If you’re new to healthy eating and want to make it a lifestyle, I suggest slow adding healthy food choices into your diet. Add a few berries to your oatmeal or cereal in the morning. Pack a salad with some leftover chicken for your lunch. Have some almonds and dark chocolate for an afternoon snack. Once you see a difference in how you look and feel, it makes choosing those healthier foods much easier.
“10 Foods for Healthy Hair in Pictures.” WebMD. WebMD. Web. 02 Feb. 2017.
“How Diet Affects Your Hair.” WebMD. WebMD. Web. 02 Feb. 2017.
Mayo Clinic Staff Print. “Iron Deficiency Anemia.” Self-management – Iron Deficiency Anemia – Mayo Clinic. 11 Nov. 2016. Web. 02 Feb. 2017.
“Office of Dietary Supplements – Dietary Supplement Fact Sheet: Selenium.” National Institutes of Health. U.S. Department of Health and Human Services. Web. 01 Feb. 2017.
“Office of Dietary Supplements – Magnesium.” National Institutes of Health. U.S. Department of Health and Human Services. Web. 01 Feb. 2017.
“Office of Dietary Supplements – Omega-3 Fatty Acids.” National Institutes of Health. U.S. Department of Health and Human Services. Web. 01 Feb. 2017.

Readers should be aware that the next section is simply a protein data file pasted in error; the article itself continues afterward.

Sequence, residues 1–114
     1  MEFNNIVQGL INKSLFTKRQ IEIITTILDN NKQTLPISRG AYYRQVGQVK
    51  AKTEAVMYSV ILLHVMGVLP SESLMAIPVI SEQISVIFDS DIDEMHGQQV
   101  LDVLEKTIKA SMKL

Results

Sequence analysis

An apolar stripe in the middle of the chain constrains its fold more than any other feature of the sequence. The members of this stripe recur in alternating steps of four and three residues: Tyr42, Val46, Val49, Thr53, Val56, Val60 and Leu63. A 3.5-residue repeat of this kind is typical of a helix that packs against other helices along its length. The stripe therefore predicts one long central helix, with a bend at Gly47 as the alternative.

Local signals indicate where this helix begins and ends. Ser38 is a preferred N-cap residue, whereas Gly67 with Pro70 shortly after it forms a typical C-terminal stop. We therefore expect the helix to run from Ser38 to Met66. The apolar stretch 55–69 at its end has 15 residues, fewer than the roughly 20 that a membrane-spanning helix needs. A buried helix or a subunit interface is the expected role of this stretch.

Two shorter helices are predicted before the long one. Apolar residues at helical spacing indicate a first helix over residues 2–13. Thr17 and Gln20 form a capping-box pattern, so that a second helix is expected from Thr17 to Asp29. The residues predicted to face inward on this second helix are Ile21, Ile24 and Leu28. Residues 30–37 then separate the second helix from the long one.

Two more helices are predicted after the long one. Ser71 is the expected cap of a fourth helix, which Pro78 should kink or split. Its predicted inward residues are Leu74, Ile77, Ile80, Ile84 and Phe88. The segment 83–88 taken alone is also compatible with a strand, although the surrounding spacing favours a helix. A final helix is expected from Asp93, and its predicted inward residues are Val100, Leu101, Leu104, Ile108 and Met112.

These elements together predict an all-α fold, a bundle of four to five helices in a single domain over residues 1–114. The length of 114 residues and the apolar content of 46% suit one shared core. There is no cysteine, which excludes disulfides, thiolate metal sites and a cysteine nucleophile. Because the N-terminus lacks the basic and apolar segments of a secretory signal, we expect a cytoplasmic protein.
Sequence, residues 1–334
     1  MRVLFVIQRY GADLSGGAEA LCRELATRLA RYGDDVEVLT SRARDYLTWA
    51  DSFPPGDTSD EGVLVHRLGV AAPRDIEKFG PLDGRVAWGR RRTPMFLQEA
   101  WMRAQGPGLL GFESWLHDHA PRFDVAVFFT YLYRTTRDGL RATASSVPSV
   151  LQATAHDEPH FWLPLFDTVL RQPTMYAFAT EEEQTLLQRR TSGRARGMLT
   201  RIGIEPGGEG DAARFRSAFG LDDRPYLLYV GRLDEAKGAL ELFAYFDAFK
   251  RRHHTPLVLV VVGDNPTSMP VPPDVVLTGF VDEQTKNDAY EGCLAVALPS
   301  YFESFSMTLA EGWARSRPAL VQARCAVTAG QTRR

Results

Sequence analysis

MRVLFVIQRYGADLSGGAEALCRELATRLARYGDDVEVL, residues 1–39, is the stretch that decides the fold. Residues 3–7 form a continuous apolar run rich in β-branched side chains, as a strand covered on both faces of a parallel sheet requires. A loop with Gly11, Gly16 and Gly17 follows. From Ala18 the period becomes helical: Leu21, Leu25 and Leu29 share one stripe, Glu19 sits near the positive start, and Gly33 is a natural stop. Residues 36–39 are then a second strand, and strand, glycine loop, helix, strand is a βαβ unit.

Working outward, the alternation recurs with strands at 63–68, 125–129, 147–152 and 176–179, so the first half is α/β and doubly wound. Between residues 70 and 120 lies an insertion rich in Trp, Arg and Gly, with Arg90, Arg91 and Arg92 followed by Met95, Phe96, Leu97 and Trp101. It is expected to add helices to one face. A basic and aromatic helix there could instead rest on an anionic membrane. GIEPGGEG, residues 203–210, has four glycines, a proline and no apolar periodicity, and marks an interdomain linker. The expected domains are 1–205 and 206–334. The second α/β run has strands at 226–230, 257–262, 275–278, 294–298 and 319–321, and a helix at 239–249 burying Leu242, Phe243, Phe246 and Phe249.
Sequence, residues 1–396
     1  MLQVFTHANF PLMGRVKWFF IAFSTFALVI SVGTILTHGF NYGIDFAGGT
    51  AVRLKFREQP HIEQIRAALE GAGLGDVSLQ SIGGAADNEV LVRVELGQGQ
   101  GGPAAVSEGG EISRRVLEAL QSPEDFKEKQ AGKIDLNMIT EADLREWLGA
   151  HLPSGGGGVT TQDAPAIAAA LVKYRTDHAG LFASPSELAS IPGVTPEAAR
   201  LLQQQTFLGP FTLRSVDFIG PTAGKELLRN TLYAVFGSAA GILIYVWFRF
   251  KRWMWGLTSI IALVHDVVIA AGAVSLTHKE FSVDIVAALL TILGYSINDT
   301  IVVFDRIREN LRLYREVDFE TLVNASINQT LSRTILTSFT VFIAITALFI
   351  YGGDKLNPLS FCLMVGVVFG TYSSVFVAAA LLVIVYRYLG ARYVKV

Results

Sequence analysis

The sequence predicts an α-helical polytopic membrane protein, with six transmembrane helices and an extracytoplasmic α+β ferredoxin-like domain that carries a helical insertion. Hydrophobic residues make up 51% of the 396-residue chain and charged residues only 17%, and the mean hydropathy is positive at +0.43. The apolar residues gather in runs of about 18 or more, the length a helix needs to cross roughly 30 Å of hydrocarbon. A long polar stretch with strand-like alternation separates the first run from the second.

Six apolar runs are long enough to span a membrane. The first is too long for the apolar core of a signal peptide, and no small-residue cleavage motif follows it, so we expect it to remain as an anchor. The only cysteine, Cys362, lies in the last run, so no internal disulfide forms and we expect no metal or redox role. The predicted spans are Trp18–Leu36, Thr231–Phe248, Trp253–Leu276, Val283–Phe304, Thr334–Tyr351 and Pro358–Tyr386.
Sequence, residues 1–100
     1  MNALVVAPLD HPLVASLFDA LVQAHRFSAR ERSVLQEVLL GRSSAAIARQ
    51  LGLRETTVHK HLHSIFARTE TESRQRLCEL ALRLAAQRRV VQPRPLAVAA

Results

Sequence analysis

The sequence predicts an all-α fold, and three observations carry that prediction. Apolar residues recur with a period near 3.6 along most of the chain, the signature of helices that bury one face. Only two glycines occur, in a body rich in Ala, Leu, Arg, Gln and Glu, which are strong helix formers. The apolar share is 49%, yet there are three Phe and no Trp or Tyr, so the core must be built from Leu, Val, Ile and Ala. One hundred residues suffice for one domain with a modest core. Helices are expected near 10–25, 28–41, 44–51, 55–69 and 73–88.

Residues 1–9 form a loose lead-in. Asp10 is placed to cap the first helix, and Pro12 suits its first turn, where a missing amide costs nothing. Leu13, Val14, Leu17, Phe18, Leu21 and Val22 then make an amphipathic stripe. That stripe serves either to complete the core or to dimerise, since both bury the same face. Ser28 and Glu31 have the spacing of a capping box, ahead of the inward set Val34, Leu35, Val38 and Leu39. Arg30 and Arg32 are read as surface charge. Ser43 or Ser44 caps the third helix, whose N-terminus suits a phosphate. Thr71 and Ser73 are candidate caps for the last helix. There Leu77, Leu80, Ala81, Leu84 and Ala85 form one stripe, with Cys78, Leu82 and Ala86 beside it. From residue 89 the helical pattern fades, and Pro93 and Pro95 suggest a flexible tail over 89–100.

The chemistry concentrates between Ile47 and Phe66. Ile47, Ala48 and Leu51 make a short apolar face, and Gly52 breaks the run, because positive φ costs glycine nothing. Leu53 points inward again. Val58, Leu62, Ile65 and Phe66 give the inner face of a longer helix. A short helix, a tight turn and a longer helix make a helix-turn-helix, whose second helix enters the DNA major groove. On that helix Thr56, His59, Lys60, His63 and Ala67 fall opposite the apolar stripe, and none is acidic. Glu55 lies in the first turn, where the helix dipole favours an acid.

“Office of Dietary Supplements – Vitamin C.” National Institutes of Health. U.S. Department of Health and Human Services. Web. 01 Feb. 2017.
“Office of Dietary Supplements – Vitamin D.” National Institutes of Health. U.S. Department of Health and Human Services. Web. 01 Feb. 2017.
“Office of Dietary Supplements – Vitamin E.” National Institutes of Health. U.S. Department of Health and Human Services. Web. 01 Feb. 2017.
“Office of Dietary Supplements – Zinc.” National Institutes of Health. U.S. Department of Health and Human Services. Web. 01 Feb. 2017.
Patel, Arti. “10 Foods For Healthy Locks.” The Huffington Post. The Huffington Post, 29 Mar. 2012. Web. 02 Feb. 2017.
Http://www.howstuffworks.com/about-author.htm. “Benefits of Omega-3.” HowStuffWorks. 15 June 2010. Web. 02 Feb. 2017.